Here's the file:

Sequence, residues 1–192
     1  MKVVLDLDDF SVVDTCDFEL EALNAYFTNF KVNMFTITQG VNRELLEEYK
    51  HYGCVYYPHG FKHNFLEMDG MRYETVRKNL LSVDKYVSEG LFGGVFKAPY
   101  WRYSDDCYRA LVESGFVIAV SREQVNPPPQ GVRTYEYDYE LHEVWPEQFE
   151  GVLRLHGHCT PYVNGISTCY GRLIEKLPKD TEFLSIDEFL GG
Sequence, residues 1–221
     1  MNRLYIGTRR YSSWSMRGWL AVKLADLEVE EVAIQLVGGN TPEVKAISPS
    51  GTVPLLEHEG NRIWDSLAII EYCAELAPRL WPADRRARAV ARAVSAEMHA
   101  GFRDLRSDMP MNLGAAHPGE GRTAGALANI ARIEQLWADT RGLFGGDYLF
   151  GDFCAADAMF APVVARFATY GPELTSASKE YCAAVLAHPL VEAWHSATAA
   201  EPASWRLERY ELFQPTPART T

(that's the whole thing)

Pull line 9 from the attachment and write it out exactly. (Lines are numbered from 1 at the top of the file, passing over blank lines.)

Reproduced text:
   101  GFRDLRSDMP MNLGAAHPGE GRTAGALANI ARIEQLWADT RGLFGGDYLF